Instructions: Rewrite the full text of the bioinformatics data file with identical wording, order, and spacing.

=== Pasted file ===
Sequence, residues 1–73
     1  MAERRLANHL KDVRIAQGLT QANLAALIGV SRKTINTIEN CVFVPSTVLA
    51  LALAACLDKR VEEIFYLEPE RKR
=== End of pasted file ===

Sequence, residues 1–73
     1  MAERRLANHL KDVRIAQGLT QANLAALIGV SRKTINTIEN CVFVPSTVLA
    51  LALAACLDKR VEEIFYLEPE RKR